You remember the joke, right? A pedestrian asks someone on the streets of New York How do you get to Carnegie Hall, the reply is Practice! (Or just walk from Central Park, it’s two blocks away.)
Okay, you need to practice to become a great musician or excel at anything, understood. But what exactly is it that you need to practice? The same scales all over again? What is it really? It is important to realise what are the things that advance your musicianship and what are not. Have you ever heard of the term deliberate practice? The idea is to know what to practice and how.
If you want to learn more about deliberate practice, read this book: Talent is Overrated by Geoff Colvin. Or this study from Psychologist K. Anders Ericsson.
Or just get started without reading anything. I haven’t read neither of them yet.
Here is a glimpse of what I do when I learn a new song. Right now I have a few weeks to learn a new song for a recording session. Plenty of time, right? Sometimes you have a time limit, so maybe deliberate practice is the answer.
How do I start? Well, for one thing, I listen to the song. Since in this case it’s a gonna be a cover, I check out all the available versions on YouTube and compare them. I decide which one I like best and start listening to that one mostly. The version I choose might or might not help me establish the key. That’s not that important yet, I’ll get back to that later.
Next I google the lyrics. Then I check out the harmony on the piano or guitar or whatever I can find. Usually I can’t help myself, I check the range of the melody. I want to know what might or might not be challenging right from the start. Plus I want to know where the song lies, I mean which notes are used in the verse and where does it go in the chorus and bridge. Does it even have a bridge? I don’t really spend much time on the song form, by now it takes one or two listening times to know what is the song form.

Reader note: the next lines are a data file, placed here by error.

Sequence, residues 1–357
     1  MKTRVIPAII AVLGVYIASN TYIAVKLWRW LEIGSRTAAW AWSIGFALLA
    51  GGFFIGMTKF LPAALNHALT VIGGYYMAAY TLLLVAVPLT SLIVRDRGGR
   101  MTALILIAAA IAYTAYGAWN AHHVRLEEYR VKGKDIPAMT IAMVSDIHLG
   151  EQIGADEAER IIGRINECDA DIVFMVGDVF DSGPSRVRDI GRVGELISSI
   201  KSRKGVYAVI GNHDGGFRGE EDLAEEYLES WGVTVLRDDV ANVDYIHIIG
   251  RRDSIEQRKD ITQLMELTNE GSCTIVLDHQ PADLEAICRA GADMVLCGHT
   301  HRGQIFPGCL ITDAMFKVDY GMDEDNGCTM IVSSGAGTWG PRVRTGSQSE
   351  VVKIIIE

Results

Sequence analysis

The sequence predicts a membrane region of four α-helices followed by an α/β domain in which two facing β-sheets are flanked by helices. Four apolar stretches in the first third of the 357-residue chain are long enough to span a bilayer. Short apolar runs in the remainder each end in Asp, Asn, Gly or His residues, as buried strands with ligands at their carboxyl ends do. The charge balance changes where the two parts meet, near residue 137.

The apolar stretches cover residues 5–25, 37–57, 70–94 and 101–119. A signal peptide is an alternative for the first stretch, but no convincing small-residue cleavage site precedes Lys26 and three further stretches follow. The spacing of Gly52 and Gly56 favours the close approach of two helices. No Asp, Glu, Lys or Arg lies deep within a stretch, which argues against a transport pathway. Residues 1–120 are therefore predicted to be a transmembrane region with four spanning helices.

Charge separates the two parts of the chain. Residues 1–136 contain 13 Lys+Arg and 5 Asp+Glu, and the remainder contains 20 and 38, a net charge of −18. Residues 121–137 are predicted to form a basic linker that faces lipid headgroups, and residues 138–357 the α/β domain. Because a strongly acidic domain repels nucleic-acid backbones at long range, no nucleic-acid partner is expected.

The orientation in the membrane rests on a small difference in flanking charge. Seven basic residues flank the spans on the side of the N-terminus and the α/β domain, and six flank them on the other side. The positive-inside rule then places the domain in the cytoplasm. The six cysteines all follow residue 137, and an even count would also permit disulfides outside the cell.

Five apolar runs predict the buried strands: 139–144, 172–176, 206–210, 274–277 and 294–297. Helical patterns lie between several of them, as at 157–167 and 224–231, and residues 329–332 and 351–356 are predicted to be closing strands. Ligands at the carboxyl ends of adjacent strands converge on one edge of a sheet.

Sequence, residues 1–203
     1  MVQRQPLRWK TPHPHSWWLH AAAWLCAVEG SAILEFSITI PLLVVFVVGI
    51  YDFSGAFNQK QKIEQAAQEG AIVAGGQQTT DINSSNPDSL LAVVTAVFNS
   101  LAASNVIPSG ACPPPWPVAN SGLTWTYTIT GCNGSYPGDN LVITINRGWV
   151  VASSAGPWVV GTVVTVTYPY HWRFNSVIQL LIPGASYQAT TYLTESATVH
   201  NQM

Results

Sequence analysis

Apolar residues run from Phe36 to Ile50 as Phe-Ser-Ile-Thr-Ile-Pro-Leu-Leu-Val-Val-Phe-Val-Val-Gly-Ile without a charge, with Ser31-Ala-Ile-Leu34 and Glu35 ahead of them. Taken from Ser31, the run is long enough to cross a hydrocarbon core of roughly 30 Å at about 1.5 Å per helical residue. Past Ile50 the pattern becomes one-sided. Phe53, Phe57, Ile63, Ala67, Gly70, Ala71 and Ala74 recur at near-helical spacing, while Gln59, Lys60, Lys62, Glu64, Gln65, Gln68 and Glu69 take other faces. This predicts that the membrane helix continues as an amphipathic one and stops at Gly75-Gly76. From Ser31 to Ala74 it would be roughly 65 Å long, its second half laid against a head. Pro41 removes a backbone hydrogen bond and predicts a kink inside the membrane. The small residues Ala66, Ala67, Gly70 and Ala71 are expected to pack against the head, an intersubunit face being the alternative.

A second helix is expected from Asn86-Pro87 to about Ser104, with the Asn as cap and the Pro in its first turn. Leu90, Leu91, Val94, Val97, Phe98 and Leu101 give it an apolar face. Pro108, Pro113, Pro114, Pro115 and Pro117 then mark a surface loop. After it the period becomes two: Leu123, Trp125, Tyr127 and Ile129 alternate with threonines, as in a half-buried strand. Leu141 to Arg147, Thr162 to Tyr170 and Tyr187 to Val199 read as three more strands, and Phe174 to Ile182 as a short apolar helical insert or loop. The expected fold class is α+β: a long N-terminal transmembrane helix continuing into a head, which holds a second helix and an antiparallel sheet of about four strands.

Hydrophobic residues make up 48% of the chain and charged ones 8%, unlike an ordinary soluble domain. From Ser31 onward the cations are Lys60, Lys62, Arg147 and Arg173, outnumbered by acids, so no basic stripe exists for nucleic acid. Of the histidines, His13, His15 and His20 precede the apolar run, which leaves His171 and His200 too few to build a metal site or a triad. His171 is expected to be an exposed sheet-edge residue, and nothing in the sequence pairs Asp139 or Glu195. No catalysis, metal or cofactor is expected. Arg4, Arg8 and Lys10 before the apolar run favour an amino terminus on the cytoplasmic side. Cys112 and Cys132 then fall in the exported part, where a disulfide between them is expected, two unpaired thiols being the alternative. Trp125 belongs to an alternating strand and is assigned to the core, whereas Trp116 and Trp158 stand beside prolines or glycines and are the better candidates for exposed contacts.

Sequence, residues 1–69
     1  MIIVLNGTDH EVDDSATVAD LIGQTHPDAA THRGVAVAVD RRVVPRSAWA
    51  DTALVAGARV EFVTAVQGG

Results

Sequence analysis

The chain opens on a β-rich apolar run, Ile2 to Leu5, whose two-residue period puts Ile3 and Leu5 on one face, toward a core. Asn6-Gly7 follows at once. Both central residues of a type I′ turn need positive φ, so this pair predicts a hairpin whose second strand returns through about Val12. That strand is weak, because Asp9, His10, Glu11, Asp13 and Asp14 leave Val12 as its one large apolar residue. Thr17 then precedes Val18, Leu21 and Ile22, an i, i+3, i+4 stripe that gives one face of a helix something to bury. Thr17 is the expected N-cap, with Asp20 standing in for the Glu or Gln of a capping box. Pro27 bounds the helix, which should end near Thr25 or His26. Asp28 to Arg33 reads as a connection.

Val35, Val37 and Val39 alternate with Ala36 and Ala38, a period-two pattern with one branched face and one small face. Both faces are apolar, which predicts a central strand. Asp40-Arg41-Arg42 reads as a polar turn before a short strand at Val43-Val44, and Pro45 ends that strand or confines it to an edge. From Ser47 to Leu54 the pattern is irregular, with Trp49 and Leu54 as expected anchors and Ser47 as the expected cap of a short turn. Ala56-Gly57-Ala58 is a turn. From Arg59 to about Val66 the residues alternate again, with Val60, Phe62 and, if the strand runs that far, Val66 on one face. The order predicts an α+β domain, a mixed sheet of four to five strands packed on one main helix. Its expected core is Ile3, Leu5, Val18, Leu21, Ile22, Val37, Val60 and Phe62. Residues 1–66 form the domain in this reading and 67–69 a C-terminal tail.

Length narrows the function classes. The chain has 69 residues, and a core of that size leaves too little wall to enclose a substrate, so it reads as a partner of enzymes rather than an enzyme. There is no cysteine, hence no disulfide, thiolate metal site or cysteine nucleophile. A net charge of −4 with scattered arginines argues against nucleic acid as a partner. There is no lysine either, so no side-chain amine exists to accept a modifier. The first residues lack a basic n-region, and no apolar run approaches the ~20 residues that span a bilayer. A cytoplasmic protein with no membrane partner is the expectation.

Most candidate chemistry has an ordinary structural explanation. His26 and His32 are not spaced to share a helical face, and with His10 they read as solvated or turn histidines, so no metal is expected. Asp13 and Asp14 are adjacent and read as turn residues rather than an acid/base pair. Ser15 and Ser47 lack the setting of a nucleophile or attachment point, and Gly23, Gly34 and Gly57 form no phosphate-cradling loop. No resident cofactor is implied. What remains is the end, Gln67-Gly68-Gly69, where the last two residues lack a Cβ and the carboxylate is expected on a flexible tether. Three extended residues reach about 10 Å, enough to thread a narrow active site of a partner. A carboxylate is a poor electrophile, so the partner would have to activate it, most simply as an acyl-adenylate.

So once I have a fair idea of the melody, I get back to listening to the song again. This time I have the lyrics in front of me. Next I listen to the timing of the lyrics. Then I start saying them, just saying them aloud, not singing and not even in time, just really blandly saying them. Once I’ve done that I listen to the song again, this time I pay extra attention to the rhythm. I continue saying the lyrics out loud and I clap my hands simultaneously. Meaning the way I say the words, I clap my hands in the same rhythm. Hopefully it is in the same rhythm as the original. If not I continue doing this until I get it right. Until I haven’t I don’t sing the melody. It might take a while, depending on how complex the song is rhythmically.
Finally I get to the melody. I do try and sing the song with the words a few times, but there are occasions when it just doesn’t fit. So I sing the song with lip rolls. It actually is a great way to start practicing the melody. The lip rolls help in regulating the air, you will have just enough for the phrases and it also prevents you from for example pulling chest. (read yelling) And I actually don’t sing all over again the song. Not even with lip rolls. I take the tricky parts under scrutiny. If there are problems,I come up with exercises that will help me get past them. In my case, I usually am too heavy, try to pull my chest voice to the sky or just have a too high larynx and it makes me stuck in chest. Or too light, I let go. Whatever the problem, I try to recognise it and come up with exercises accordingly. I mean I sing with ge,ge, ge or mi, mi, mi or whatever that helps me feel at ease.